Provost announces Division of Biomedical Sciences

A Message From the Provost

Dear Colleague,

One important purpose of strategic planning is to bring together the full potential of existing and emerging resources. For example, Illinois has invested significantly over the past several years in faculty with considerable strengths in biomedical science. We have not, however, had in place an infrastructure developed to maximize the cumulative research and teaching power of this group. Now we are moving toward the creation of a Division of Biomedical Sciences that will help us tap effectively resources dispersed across the campus and unify those resources to provide a single, coherent biomedical interface with external constituencies. Many researchers engaged in biomedical research on our campus will benefit from this new division, which will consolidate resources on campus and link our research much more effectively to external partners.

Sincerely, 
Linda Katehi

Division of Biomedical Sciences

A key element of the campus strategic plan is to capture the tremendous creativity and expertise of the campus research community to develop solutions and new knowledge to improve human health.

A large number of faculty members in units across the campus have developed very productive biomedical research programs with goals ranging from understanding disease processes, developing novel therapies or diagnostic tools or understanding the behavioral and social factors that impact our health. This research expertise represents a sizeable distributed investment by the campus during the past decade. However, the corresponding infrastructure to support biomedical research and to build synergistic team approaches to tackle outstanding problems in health has lagged. Assistance is required to address the complex regulatory environment surrounding biomedical research, negotiate partnerships with health centers and coordinate the development and submission of large multi-investigator, multi-institution research proposals.

How to facilitate this type of research was examined by three committees during the last few years. Reports of their recommendations can be found on the websites of the Vice Chancellor for Research Office and the Provost Office. A common theme found in each committee report was a recommendation for the creation of a coordinating office to leverage the expertise spread across the campus and address the complexities of research in the biomedical domain. The responsibilities of such an office were outlined in the most recent report co-authored by Professors David Kranz, James Slauch, Jodi Flaws and Lawrence Schook (Chair). Their report made a compelling argument for the creation of a Division of Biomedical Sciences, which I intend to establish in August at the start of the new academic year.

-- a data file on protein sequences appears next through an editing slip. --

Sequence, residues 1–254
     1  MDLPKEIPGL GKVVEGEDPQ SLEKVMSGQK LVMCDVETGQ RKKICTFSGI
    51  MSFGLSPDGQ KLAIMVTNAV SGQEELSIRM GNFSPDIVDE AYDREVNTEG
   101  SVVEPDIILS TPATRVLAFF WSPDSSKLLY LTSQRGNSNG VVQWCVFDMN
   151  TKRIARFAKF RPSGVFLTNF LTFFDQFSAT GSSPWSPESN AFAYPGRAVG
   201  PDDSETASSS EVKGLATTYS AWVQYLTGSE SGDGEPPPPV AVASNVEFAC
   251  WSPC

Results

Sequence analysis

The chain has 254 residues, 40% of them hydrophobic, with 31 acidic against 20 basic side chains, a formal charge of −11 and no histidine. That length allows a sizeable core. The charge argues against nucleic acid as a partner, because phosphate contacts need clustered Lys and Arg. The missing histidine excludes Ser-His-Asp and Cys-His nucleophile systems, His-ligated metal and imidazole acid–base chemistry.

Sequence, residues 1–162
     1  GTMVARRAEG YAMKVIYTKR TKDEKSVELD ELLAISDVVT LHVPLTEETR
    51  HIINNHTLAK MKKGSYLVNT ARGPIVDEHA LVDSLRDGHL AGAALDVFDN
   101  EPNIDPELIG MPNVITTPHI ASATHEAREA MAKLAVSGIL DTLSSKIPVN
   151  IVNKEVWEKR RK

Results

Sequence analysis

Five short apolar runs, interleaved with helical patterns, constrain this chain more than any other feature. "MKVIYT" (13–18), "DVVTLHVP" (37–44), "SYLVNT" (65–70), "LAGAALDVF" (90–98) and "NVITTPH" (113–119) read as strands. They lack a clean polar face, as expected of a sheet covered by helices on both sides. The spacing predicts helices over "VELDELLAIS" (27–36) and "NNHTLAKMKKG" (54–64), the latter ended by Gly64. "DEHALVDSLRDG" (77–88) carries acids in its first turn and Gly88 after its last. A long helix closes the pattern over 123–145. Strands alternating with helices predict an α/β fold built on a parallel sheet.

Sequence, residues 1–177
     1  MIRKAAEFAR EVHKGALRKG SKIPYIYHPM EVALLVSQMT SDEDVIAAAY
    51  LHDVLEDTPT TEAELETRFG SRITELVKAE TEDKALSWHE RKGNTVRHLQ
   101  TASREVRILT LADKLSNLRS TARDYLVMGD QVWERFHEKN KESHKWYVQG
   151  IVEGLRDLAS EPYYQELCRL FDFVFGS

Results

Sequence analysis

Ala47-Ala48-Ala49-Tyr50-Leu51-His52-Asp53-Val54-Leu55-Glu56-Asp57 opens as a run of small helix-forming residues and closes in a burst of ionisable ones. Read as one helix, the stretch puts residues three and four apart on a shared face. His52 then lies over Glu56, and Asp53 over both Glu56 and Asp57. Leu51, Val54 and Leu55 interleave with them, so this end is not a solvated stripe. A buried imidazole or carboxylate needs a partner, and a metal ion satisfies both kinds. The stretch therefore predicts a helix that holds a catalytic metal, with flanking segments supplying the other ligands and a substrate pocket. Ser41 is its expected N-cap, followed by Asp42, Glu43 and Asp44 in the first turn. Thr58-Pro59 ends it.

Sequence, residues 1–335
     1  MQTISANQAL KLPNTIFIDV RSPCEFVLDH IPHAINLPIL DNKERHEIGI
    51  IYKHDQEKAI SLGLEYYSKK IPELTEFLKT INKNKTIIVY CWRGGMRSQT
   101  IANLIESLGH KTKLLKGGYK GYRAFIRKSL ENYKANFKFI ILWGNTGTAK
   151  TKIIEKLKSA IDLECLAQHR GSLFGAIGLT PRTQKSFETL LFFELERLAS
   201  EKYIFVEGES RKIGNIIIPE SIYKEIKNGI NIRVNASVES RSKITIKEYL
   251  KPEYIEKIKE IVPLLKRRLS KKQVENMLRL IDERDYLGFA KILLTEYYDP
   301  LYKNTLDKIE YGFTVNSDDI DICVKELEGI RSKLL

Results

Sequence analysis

The Division of Biomedical Sciences will provide a single portal for internal and external communications and the vision and infrastructure to translate Illinois' strengths in basic sciences and engineering into innovative solutions to issues impacting human health and our communities. Essential to this mission is the establishment of an integrated and efficient infrastructure that will enable human-centric research, capture new research opportunities and expand international visibility of our translational research. This will be achieved through robust affiliations with internal departments and units and external partners like the University of Illinois Chicago and Carle Foundation Hospital.

Professor Lawrence Schook has agreed to continue his leadership of this initiative when the Division is launched this summer by becoming the inaugural director of the division. Professor Schook, holds the Gutgsell Endowed Chair and is currently Professor of Animal Sciences, Pathobiology, Nutritional Sciences and Pathology and Surgical Oncology in the College of Medicine. He serves as the Theme Leader for Regenerative Biology and Tissue Engineering at the Institute for Genomic Biology. I am positive that the Division will flourish under his leadership.

Currently, a planning team, consisting of Dean Wynne Korr and Professors Rashid Bashir, Gene Robinson, Sharon Donovan, Neil Kelleher, and Stephen Sligar, is working with Dr. Schook to develop a detailed implementation plan by July 15, 2008. This group will obtain input from a larger group of campus stakeholders to clarify how the Division will be governed, describe the process of selecting and evaluating the thematic research thrusts, outline the unit's service offerings, define the Division's methods to engage faculty affiliates, and determine mechanisms to fund the unit once it is established.

I would also like to express my appreciation to Jennifer Eardley, from the Office of the Vice Chancellor for Research, who has helped to organize and support both the initial committee and the planning team.

The Division of Biomedical Science is central to achieving our strategic goal of Breakthrough Knowledge and Innovation. Scientific breakthroughs that enhance human health are vital to the advancement of our society. The Division will provide an organizational structure that facilitates research in this arena and position Illinois in a leadership role on the national level. I hope you will work with us to ensure the success of the Division.